Mahavir prescribed a lifestyle of balancing. He advocated the principle of self-discipline, restraint, abnegation, sacrifice, and voluntary limitation of accumulation of wealth. He said that. Initially wants arise from hunger, and then the wants themselves turn into hunger – hunger for more wealth, more accumulation, more consumption, leading to loss of direction and peace.

Jainism firmly believes in the aphorism: “samyamah khalu jeeanam” which means discipline coupled with stoicism is life. Life is where discipline is. If passion increases, the entire world may find itself on the brink of annihilation.

Violence and acquisitiveness (parigraha) are inseparably welded together. Voluntary limiting the possession and consumption of material objects through curbing own cravings and pining called Iccha-parimana is the best solution for solving the problem of global poverty The vow of Ichha-parimana should be associated with modern economics and concept of development. “

Professor Mitra, a polymath and educationist spoke about his quest is to create an environment for enabling the children in depressed areas to have an opportunity to develop their latent talents and skills in their own way rather than going through a regimented education process which may not offer them the same challenge to their own creativity.

He himself finally asked the question – what has all this to do with Ahimsa?  His answer was that Hinsa – opposite to Ahimsa in Bengali (his language) means jealousy. That all Hinsa arises because of the difference between the haves and have nots leading to a variety of conflicts. Creating opportunities for the have nots to rise in the world will certainly reduce jealousy and evolve Ahimsa.

Dr Mehool Sanghrajka of the IOJ, spoke of the Jain perspective on Climate Change and the Contemporary World.  He reminded all present of the two basic premises of Bhagwan Mahavira’s 2600-year-old philosophy, perhaps the greatest environmentalist theory in our history:

  • The earth is a living entity, and we are interdependent. We should respect the right of all life to exist and learn to live in harmony with it rather than exploiting it.
  • The earth has enough resources for all. It is accumulation by the few that is the cause of the scarcity. We should learn to live within what we need.

He explained that these two principles offer us all the solutions that we need to solve the problems that the world is facing if we based our actions and thoughts on science rather than politics!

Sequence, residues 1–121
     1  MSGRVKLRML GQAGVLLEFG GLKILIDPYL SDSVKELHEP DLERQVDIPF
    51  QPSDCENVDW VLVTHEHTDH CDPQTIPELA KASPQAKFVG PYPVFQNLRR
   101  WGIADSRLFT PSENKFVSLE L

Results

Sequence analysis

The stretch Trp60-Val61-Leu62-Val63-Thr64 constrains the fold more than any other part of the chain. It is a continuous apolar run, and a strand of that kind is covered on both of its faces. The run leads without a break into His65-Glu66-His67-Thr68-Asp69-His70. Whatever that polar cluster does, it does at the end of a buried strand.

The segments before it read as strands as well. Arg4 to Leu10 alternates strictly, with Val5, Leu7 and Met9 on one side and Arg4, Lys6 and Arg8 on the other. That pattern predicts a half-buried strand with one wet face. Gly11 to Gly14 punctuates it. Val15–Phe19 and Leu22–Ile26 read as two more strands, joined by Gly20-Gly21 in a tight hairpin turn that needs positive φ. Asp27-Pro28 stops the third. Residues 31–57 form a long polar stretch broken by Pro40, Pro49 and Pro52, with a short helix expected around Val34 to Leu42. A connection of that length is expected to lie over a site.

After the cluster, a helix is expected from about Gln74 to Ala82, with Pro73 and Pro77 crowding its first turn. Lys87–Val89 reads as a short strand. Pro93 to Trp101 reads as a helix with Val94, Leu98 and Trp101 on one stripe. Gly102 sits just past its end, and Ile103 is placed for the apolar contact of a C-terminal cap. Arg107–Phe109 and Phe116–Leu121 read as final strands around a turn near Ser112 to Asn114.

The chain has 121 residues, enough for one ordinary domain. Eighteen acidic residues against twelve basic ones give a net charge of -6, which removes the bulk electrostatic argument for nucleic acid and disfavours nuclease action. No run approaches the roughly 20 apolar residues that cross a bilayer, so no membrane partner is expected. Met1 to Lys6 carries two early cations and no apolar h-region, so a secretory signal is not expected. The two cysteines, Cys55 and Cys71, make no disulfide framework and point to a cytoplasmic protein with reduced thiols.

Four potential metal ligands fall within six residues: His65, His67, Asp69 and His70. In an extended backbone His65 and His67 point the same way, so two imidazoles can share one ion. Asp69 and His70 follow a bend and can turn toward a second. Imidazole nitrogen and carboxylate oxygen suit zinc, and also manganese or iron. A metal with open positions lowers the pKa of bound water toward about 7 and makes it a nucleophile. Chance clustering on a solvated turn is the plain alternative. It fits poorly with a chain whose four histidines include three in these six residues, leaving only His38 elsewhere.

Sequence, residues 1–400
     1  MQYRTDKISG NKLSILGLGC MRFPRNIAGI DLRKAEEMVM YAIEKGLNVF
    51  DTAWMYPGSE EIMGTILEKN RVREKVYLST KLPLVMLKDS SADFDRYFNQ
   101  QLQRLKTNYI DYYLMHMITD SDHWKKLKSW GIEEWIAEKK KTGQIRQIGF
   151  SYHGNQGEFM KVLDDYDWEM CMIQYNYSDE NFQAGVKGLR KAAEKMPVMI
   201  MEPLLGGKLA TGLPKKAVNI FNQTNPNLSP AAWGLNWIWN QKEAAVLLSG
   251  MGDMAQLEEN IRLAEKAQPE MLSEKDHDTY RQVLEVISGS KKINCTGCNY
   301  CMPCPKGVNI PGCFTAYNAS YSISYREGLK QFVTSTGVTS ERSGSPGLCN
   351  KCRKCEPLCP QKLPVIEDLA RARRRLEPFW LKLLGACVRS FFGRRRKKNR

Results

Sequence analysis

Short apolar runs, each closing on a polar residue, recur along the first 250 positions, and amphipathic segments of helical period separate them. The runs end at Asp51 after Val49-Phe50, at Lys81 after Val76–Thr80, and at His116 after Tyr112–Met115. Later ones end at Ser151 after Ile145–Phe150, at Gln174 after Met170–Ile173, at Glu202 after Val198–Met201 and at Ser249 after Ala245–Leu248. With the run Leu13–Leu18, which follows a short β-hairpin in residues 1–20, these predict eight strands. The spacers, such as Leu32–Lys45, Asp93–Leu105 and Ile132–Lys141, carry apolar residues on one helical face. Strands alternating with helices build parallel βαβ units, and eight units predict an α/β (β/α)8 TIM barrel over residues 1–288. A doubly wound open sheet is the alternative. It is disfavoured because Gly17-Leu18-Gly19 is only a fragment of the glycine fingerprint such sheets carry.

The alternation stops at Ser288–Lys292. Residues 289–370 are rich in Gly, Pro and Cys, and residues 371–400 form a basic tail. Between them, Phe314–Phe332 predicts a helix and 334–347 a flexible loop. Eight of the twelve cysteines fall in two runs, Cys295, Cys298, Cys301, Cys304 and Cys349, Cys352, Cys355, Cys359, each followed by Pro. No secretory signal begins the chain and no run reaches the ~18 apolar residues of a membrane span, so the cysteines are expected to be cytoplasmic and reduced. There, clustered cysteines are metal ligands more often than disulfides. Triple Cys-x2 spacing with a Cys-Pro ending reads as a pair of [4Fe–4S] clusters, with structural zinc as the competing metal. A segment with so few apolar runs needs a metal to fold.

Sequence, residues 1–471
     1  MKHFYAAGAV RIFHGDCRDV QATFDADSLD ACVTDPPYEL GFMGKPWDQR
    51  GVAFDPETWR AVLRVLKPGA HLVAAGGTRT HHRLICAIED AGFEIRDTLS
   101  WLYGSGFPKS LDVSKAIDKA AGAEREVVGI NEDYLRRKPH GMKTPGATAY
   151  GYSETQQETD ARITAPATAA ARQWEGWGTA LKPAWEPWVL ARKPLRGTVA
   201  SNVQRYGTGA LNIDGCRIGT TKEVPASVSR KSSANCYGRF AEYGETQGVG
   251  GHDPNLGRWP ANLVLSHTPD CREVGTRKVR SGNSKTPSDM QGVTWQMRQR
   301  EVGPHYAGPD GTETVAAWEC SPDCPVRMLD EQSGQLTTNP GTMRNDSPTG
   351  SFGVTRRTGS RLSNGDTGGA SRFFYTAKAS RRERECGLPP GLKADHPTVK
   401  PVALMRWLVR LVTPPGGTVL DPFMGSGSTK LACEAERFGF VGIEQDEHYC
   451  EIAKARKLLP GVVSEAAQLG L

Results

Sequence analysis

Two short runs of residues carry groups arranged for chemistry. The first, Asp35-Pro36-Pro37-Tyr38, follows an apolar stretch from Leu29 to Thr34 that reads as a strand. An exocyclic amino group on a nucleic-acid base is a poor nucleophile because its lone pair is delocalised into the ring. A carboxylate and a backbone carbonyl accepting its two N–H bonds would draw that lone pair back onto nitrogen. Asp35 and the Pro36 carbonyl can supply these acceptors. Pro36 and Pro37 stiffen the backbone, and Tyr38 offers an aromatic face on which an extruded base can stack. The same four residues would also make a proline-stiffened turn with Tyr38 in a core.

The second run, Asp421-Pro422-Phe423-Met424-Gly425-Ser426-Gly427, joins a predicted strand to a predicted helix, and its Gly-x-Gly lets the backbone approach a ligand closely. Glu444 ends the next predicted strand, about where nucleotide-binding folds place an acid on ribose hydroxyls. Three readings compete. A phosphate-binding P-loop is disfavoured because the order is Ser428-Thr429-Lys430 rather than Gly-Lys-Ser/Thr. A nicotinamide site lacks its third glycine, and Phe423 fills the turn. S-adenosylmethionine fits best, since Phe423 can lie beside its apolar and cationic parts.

Ahimsa Award

The Ahimsa Day celebrations were expanded in 2006 to include the IOJ Ahimsa Award. This Award is presented annually to a carefully chosen and vetted, deserving personality by the IOJ Board, from across the globe, who personifies Ahimsa and is actively involved in self­less, compassionate, humanitarian work, in education, social upliftment, disaster relief and the environment.

The first two awards were declared in absentia: in 2006 to Nelson Mandela for applying Gandhian principles of non-violence in the peaceful transition to a multicultural democracy in South Africa and in 2007 to HH The Dalai Lama in recognition of his work to promote global peace and understanding.

In 2008, the Award was presented to Acarya Mahaprajna in recognition of his lifelong spiritual devotion, scholastic successes, and visionary achievements as a leader.

In 2015, HRH The Prince of Wales, now King Charles was awarded a special 25th Anniversary ‘IOJ Ahimsa Award’ to celebrate the organisation’s existence and successes for the past 25 years. The Award was for the prince’s many years of emphasis on the critical importance of taking better care of our interconnected and increasingly fragile world, his championing of the natural environment, unwavering appeal for action for a sustainable future and acceptance of religious diversity.

Other recipients of the Award, include world-renowned humanitarians – Scott Neeson for his work to eradicate poverty,   Mr Ravinder Singh as the founder of Khalsa Aid, an organisation that has provided the world selfless service and universal love in its international emergency relief missions; environmentalists – Mr Rajendra Singh, who has restored the ‘water table’ in many parts of India and who firmly upholds the principle that if you take care of the earth, it will take care of you ; scholars such as Professors Padmanabh Jaini and Nalini Balbir; social and spiritual activists such as Melanie Joy, Ann Cotton, Brother Peter Tabichi, who is a Kenyan science teacher and Franciscan friar teaching in a region impacted by famine and drought who donates 80% of his salary to supporting his pupils in the local village.